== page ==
AT&T Ups Effort to Sell DirecTV, Xandr and Crunchyroll

After years of acquisitions, AT&T is on a sales mode. The telecom’s on-again, off-again love affair with satellite pay-TV distribution appears to be off again. The company has reportedly hired a major investment banker to help unload DirecTV, which it acquired in 2015 for $48.5 billion just as online TV and subscription streaming video-on-demand was flourishing.

AT&T is also looking to offload anime-based streaming service/publisher Crunchyroll and Xandr, the online advertising unit launched just two years (following the $1.8 billion acquisition of AppNexus), but has struggled to gain traction due to a variety of issues in the rapidly changing digital ecosystem.

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With nearly $180 billion in debt following the $85 billion purchase of Time Warner (now WarnerMedia), AT&T has been looking to cut non-core assets. The debt is now down to $152 billion, and despite repeated denials from senior executives over the years, DirecTV appears to be on sales block.

The Wall Street Journal reports AT&T is working with Goldman Sachs to find a buyer willing to pay around $20 billion for 50% stake in the El Segundo, Calif.-based pay-TV operator. The sale is challenged by ongoing secular changes in home entertainment underscored by the loss of 7 million combined DirecTV/AT&T U-verse video subs in the past year.

As subscription streaming video-on-demand services such as Netflix, Amazon Prime Video and Hulu proliferate, AT&T has attempted to straddle traditional linear TV distribution with over-the-top video. The company has now moved much of its content distribution future into HBO Max, the $15 monthly SVOD platform, which plans to offer an ad-supported tier in 2021.

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“To the extent that we’re able to get those [pay-TV] customers engaged with us on those [streaming] platforms, then we’re in a good place, and we’re OK with that,” CEO John Stankey told CNBC in July. “And if that takes us down a path that says satellite delivery is less important, so be it.”

A possible merger with rival Dish Network is a favorite proposition for Dish founder/CEO Charlie Ergen, but some observers say the idea would trigger anti-trust issues from the government.

Xandr, which generated about $2 billion in revenue in 2019, had hoped to capitalize on the burgeoning digital ad market focusing on non-video displays. That strategy has apparently backfired as online video ads dominate and online TV publishers were reluctant to sell their ad inventory through Xandr due to AT&T’s competing HBO Max platform, The Journal reported, citing sources familiar with the situation.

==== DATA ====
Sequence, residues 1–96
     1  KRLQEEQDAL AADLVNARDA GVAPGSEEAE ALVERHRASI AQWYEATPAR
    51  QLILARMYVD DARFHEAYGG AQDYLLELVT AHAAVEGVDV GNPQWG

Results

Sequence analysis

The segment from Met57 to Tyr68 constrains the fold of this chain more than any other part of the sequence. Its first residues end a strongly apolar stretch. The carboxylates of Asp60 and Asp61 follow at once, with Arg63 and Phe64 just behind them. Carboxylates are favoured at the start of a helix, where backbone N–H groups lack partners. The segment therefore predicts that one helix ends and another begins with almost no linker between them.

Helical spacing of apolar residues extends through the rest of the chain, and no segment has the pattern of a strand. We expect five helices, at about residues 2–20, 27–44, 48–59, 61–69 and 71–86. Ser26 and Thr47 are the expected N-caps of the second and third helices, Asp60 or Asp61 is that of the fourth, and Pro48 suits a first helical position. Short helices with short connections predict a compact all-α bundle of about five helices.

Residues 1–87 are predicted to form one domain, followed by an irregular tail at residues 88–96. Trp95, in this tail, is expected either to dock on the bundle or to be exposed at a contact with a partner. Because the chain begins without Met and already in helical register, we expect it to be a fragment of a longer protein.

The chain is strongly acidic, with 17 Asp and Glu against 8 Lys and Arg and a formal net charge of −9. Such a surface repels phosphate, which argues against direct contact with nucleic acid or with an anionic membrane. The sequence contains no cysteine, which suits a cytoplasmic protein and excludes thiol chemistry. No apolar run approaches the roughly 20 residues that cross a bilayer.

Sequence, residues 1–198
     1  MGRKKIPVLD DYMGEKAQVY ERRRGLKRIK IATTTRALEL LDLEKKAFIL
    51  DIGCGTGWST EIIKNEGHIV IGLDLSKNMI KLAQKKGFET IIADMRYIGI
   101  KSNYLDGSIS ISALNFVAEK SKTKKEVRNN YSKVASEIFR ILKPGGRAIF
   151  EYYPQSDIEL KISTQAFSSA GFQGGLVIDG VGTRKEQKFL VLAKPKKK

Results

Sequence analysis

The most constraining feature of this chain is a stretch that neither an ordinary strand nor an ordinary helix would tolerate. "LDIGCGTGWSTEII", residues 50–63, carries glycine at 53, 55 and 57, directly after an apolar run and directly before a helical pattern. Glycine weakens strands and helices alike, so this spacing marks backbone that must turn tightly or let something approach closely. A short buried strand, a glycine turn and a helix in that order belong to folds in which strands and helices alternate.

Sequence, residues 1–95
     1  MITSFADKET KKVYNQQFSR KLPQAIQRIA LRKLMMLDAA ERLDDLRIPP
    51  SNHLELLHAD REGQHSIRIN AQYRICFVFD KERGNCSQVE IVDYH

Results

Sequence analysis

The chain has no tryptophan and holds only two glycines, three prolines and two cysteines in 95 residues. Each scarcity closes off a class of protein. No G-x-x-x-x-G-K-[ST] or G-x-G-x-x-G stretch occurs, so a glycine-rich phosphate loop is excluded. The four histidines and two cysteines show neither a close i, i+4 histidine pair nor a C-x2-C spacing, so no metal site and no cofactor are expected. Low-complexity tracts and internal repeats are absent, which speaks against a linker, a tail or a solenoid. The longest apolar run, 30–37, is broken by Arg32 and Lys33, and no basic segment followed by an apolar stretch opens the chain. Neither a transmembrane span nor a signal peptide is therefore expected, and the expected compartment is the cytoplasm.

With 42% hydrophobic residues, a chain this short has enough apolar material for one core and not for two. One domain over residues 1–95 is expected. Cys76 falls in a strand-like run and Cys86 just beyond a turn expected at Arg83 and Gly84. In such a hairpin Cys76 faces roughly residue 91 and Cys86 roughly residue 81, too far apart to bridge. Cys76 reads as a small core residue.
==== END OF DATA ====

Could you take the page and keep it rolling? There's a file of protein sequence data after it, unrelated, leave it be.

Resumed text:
Crunchyroll, which AT&T acquired in its purchase of Otter Media, is on the block for a reported $1.5 billion with interested suitors including Sony Corp.

Disney Selling Bonds to Pay Down Fox Acquisition Debt

When the Walt Disney Co. acquired 20th Century Fox Film for $71 billion, it also assumed more than $13 billion of Fox’s outstanding debt.

Despite ongoing downsizing at Fox Studios and selloff of Fox’s regional sports TV networks, Disney Sept. 3 announced the commencement of an offering of one or more series of senior unsecured notes and fixed rate senior unsecured notes pursuant to an effective shelf registration statement filed with the Securities and Exchange Commission.

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The new bonds are guaranteed by TWDC Enterprises 18 Corp., a subsidiary of Disney. 

Disney said it intends to use the net proceeds from the bond offering pay down previously existing notes related to the Fox acquisition, in addition to prepaying in full the aggregate principal amount outstanding under a “364-Day Credit Agreement,” dated as of March 15, 2019, which lists Disney as the borrower.

AT&T CFO: Corporate Tax Cut a Boon to Corporate Debt

To fiscal hawks, AT&T’s $85 billion acquisition of Time Warner heightened concerns regarding the telecom’s burgeoning corporate debt.

In an era of shrinking pay-TV households and industry consolidation, Wall Street hasn’t taken lightly to AT&T’s $183 billion debt through the third quarter (ended Sept. 30, 2018) following the acquisition.

The company’s stock was down more than 20% at the end of 2018 with a debt ratio of 2.8. The net debt to pre-tax earnings ratio indicates how many years it would take for a company to pay back its debt if net debt and pre-tax earnings are held constant.

Wall Street looks for a company to have a debt ratio between 0.3 and 0.6, according to some analysts. AT&T has pledged to reduce its debt by $20 billion in 2019, at debt ratio to 2.5.

Speaking Jan. 9 at the Citi 2019 Global TMT West confab in Las Vegas, AT&T CFO John Stephens reiterated management’s vow to streamline debt through cost-cutting and asset sales — including its stake in Hulu.

Stephens also reminded analysts that with interest rates at historically low levels, combined with President Trump’s 40% cut to corporate tax rates, debt can be viewed from a different perspective.

“You lower your federal tax rate by 40%, it has an impact. And it’s real. And it’s economic. It’s cash,” Stephens said. “When you think about those two changes, I understand how people might have a differing view on leverage levels. We’re sticking to what we’ve told you and we’re really focused – laser focused on 2019 and getting it into that 2.5 range.”